Russian lawmakers passed a controversial set of bills that would make it a crime to “disrespect” the state and spread “fake news” on Wednesday, setting the legislation up for President Vladimir Putin’s signature.
The bills amending existing information laws overwhelmingly passed both chambers of Russian parliament in less than two months. Observers and some lawmakers have criticized the legislation for stifling free speech and its vague terminology, which critics say could lead to mass arrests.
The Federation Council, Russian parliament’s upper house, passed the legislation in its first and only reading on Wednesday.
If passed and signed by the president, the legislation will establish punishments for spreading information that “exhibits blatant disrespect for the society, government, official government symbols, constitution or governmental bodies of Russia.”
Online news outlets and users that spread “fake news” will face fines of up to 1.5 million rubles ($22,900) for repeat offenses.
Insulting state symbols and the authorities, including Putin, will carry a fine of up to 300,000 rubles and 15 days in jail for repeat offenses.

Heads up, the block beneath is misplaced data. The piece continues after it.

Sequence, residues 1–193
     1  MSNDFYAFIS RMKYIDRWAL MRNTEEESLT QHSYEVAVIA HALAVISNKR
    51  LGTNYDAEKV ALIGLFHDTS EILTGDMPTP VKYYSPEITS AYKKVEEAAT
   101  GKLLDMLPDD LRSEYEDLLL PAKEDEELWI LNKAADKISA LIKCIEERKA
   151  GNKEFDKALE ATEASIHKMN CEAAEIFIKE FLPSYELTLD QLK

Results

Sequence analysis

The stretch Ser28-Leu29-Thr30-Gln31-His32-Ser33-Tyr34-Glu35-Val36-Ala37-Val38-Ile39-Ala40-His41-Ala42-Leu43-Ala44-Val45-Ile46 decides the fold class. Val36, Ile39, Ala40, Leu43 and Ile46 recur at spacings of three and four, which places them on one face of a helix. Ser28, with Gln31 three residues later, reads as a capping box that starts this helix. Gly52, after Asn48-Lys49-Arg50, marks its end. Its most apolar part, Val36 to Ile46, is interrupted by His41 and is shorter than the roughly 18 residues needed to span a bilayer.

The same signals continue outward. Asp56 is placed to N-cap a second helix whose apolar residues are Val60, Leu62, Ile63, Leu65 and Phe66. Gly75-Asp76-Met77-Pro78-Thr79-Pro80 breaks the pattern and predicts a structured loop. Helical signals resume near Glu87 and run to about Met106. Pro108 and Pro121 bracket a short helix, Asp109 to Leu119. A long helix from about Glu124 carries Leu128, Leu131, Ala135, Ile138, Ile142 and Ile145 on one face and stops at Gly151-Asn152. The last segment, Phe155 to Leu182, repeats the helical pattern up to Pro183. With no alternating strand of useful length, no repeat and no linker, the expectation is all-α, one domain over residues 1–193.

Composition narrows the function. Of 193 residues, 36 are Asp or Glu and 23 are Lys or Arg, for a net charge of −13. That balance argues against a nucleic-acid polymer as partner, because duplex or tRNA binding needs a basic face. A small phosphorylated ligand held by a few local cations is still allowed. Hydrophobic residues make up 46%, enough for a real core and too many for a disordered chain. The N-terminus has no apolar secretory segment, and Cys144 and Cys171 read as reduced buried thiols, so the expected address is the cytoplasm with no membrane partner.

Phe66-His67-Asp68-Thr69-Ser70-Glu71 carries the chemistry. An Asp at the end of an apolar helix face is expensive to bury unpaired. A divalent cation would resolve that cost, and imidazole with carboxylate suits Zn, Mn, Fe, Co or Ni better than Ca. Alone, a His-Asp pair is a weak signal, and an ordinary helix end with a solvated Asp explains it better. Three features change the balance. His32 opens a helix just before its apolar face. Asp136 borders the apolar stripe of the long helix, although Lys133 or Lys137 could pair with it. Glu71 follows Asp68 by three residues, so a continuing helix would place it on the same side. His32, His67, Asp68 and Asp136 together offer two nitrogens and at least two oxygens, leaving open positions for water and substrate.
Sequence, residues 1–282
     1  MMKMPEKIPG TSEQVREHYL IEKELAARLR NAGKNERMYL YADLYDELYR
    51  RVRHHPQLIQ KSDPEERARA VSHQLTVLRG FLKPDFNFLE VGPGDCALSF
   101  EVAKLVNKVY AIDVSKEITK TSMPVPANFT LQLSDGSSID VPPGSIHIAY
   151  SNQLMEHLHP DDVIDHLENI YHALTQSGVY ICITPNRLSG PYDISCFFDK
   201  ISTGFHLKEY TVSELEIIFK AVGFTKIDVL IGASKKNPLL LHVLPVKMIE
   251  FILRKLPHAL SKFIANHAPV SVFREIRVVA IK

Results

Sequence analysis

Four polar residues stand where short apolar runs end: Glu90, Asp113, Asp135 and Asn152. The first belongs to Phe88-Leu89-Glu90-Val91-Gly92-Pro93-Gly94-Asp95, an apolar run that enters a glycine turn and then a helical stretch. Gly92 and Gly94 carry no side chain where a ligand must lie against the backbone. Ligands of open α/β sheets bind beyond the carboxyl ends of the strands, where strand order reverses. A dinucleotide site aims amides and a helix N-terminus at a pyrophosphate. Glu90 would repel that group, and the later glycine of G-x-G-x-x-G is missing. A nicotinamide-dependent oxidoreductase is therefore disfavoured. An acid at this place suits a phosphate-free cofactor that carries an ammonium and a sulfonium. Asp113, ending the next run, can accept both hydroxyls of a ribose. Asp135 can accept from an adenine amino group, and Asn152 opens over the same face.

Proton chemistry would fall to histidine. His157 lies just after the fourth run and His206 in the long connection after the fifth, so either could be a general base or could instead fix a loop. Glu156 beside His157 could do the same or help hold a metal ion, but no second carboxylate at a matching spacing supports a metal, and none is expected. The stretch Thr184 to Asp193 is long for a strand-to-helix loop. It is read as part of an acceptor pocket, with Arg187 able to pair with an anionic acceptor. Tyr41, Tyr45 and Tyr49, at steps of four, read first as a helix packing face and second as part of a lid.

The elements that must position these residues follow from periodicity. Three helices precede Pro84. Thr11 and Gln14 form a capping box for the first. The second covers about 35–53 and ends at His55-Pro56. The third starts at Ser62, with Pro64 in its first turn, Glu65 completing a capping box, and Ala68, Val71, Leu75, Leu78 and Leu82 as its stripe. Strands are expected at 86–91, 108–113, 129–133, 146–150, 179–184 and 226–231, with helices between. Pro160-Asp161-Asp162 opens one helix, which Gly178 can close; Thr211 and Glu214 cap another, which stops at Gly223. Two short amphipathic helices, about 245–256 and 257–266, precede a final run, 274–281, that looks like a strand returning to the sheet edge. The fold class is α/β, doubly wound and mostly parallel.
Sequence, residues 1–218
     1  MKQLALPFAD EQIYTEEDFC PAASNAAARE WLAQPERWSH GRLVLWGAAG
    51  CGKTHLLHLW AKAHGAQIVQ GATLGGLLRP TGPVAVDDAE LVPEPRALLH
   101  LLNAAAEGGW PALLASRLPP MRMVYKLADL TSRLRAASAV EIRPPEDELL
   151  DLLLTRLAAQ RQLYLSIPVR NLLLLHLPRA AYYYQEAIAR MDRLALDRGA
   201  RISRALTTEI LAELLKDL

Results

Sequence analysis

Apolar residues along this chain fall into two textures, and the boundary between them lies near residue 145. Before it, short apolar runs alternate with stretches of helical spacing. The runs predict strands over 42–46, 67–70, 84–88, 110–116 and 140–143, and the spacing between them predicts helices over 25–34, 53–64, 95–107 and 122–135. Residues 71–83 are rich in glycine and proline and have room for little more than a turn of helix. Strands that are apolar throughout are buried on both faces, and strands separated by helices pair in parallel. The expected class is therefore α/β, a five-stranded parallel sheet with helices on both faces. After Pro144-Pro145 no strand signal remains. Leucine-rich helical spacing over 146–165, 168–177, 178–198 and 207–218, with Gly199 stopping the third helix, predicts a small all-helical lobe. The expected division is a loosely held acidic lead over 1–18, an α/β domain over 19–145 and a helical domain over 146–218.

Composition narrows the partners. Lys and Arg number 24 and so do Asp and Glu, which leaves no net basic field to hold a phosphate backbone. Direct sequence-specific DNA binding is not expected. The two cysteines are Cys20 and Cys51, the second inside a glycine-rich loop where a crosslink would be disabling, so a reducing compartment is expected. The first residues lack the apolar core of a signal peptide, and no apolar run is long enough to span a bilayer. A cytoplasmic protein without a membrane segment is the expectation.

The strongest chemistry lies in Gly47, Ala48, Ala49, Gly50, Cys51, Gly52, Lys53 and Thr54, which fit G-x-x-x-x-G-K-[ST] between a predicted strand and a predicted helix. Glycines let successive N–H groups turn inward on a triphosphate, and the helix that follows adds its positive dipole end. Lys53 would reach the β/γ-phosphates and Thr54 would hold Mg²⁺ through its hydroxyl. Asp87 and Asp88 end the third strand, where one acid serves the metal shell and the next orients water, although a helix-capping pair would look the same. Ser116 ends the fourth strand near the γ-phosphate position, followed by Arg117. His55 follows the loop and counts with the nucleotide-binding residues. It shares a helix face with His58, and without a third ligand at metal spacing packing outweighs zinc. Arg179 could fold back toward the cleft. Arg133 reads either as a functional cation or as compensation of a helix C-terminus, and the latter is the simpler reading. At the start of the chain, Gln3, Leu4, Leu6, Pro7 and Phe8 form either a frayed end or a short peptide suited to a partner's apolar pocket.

As is the case with other Russian laws, the fines are calculated based on whether the offender is a citizen, an official or a legal entity.
More than 100 journalists and public figures, including human rights activist Zoya Svetova and popular writer Lyudmila Ulitskaya, have signed a petition opposing the laws, which they labeled "direct censorship.”
The Kremlin, however, denied the legislation amounts to censorship.
"What's more, this sphere of fake news, insulting and so on, is regulated fairly harshly in many countries of the world including Europe. It is therefore of course necessary to do it in our country too," Kremlin spokesman Dmitry Peskov said.
Tougher Internet laws introduced over the past five years require search engines to delete some search results, messaging services to share encryption keys with security services and social networks to store users' personal data on servers within the country.
Reuters contributed reporting to this article.